Finally, before the evening’s festivities got underway, Hint’s CEO and co-founder Kara Goldin shared the story of Hint—why she founded the business, the challenges the brand faced with shelf space in traditional stores, and how its ecommerce business helped solve those problems.

Kara shared how her personal health struggles and her mission to fix them amidst a job transition led her to create a beverage company. After carrying around 58 extra pounds after the birth of her children and developing adult acne, Kara drew upon her experience as a competitive gymnast to begin working out again and eating healthier while she was taking some time off from the workforce. One particular habit she had to break? Her diet coke addition. 

With her health in mind, Kara realized her beverage of choice contained too many ingredients that she didn’t recognize and couldn’t pronounce, so she chose to drink more water. But after about six months, she realized drinking plain water wasn’t sustainable. She needed more flavor, so she began adding fruit to her water but was soon disappointed that should couldn’t get such a product in stores without all of those additional and unpronounceable ingredients she noticed in soda. 

“Why can’t I simply buy water with a little fruit flavor?” Kara asked. She soon realized what she wanted to do next with her career and she started Hint.

Hint experienced significant growth thanks to deals with Google, Starbucks, and other tech companies in Silicon Valley. The brand also became one of Amazon’s best-selling beverages in their grocery division.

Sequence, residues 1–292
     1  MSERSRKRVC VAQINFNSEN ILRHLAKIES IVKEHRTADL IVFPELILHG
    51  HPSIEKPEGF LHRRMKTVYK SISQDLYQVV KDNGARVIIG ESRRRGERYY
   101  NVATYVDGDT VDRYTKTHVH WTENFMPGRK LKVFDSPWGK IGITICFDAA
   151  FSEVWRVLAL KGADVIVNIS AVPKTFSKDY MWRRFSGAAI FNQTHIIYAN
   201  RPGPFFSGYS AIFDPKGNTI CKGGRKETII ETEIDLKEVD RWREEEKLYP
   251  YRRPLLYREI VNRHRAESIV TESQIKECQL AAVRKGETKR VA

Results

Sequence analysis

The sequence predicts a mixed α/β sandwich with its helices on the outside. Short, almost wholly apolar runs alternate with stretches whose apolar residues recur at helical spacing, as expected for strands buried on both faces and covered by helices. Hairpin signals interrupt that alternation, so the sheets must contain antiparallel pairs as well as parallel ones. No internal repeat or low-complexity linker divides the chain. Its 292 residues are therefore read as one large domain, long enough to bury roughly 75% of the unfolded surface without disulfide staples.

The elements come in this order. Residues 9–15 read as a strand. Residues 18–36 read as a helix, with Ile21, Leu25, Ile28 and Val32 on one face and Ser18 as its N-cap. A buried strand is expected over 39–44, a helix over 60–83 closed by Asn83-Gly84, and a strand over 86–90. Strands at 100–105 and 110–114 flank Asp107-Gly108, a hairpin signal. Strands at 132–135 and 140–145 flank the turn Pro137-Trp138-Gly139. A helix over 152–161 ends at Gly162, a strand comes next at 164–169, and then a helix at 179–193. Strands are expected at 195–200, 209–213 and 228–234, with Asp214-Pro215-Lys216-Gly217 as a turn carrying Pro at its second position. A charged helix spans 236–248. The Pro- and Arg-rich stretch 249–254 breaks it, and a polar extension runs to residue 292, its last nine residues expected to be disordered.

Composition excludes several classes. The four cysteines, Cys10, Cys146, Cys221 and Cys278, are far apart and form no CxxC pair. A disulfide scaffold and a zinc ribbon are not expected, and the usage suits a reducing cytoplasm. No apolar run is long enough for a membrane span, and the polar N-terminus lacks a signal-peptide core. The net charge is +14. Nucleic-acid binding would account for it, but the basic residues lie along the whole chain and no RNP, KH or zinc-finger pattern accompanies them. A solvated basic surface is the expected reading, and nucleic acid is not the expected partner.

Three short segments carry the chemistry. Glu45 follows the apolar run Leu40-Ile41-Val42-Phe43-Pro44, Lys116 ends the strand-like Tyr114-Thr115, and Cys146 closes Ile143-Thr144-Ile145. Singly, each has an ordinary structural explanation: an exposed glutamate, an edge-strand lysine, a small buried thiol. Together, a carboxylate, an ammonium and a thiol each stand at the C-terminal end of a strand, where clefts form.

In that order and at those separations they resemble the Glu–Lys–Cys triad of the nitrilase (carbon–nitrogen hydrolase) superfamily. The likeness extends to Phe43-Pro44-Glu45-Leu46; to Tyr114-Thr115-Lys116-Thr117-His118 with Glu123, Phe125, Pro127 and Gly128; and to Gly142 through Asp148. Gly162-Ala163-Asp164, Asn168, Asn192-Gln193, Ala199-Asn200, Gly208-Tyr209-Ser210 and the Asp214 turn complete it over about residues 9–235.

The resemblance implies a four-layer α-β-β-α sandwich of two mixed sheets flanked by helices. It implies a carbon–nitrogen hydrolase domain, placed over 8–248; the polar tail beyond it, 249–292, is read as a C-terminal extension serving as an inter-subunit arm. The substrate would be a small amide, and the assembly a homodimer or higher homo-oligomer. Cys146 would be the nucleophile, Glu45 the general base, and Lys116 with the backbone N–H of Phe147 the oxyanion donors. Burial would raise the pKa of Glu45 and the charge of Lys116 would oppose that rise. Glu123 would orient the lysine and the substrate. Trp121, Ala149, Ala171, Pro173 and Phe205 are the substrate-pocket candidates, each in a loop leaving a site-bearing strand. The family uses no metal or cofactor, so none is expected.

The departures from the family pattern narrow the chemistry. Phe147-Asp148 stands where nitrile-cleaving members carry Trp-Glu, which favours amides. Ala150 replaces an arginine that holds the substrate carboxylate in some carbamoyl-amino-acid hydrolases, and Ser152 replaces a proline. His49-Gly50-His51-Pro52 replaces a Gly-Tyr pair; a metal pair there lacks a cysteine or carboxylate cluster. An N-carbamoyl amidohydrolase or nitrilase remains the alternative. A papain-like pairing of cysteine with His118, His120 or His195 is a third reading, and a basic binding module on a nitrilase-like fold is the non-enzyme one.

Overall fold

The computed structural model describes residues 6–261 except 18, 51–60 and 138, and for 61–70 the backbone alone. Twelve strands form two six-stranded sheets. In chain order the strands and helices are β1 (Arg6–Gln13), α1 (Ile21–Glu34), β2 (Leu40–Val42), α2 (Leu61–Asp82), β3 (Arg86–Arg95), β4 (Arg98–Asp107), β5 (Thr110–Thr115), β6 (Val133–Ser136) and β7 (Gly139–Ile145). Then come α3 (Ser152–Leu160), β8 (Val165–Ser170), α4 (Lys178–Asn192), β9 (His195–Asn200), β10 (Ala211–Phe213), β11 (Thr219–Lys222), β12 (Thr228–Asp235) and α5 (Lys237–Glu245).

In fact, one executive told Kara that people who purchased Hint also purchased other products like type II diabetes monitors and other products that would help them become healthier—the entire reason Kara started Hint in the first place. When Kara asked to communicate with those customers to learn more about them, though, Amazon said no. 

“I remember asking, ‘Can I communicate with the customer to get more info?’ They said, ‘No, that’s our data.’ I realized I was selling my product through all these distributors but I didn’t have any relationship with my customers. So I decided to launch our own website. I learned that the customer ultimately controls your journey, so having a relationship with them is critical,” Kara said. 

Kara said her online business accounts for 40 percent of Hint’s revenue today and its offline business has grown 60 percent year-over-year for the last two years. 

“I talk to CPG companies all the time and hear how Amazon is a big part of their strategy, and I think it’s such a miss for what you can ultimately do. If you’re using a product like Klaviyo for your online business, you can do so much more because you have so much more information and access to your customers,” Kara said. 


A few final thoughts


Own the Night Party

Klaviyo:BOS wasn’t all work and no play. Attendees enjoyed a networking happy hour before the evening’s festivities took full effect. 

Own the Night, Klaviyo:BOS’s official party, helped attendees kick back after a full day of learning. With tasty cocktails, fresh seafood and appetizers, and fun activities on the lawn, attendees mingled and danced the night away to the beats from one of Boston’s hottest DJs, DJ Tone Terra.

With another full day ahead at Klaviyo:BOS, attendees will learn about some of Klaviyo’s new product innovations, discover how a cohesive marketing tech stack can help you better identify your customers’ needs and manage their entire experience, and hear insights on how to build a truly independent brand off Amazon. 

Gear up for another great day at Klaviyo:BOS! Check out the agenda for more can’t-miss sessions today.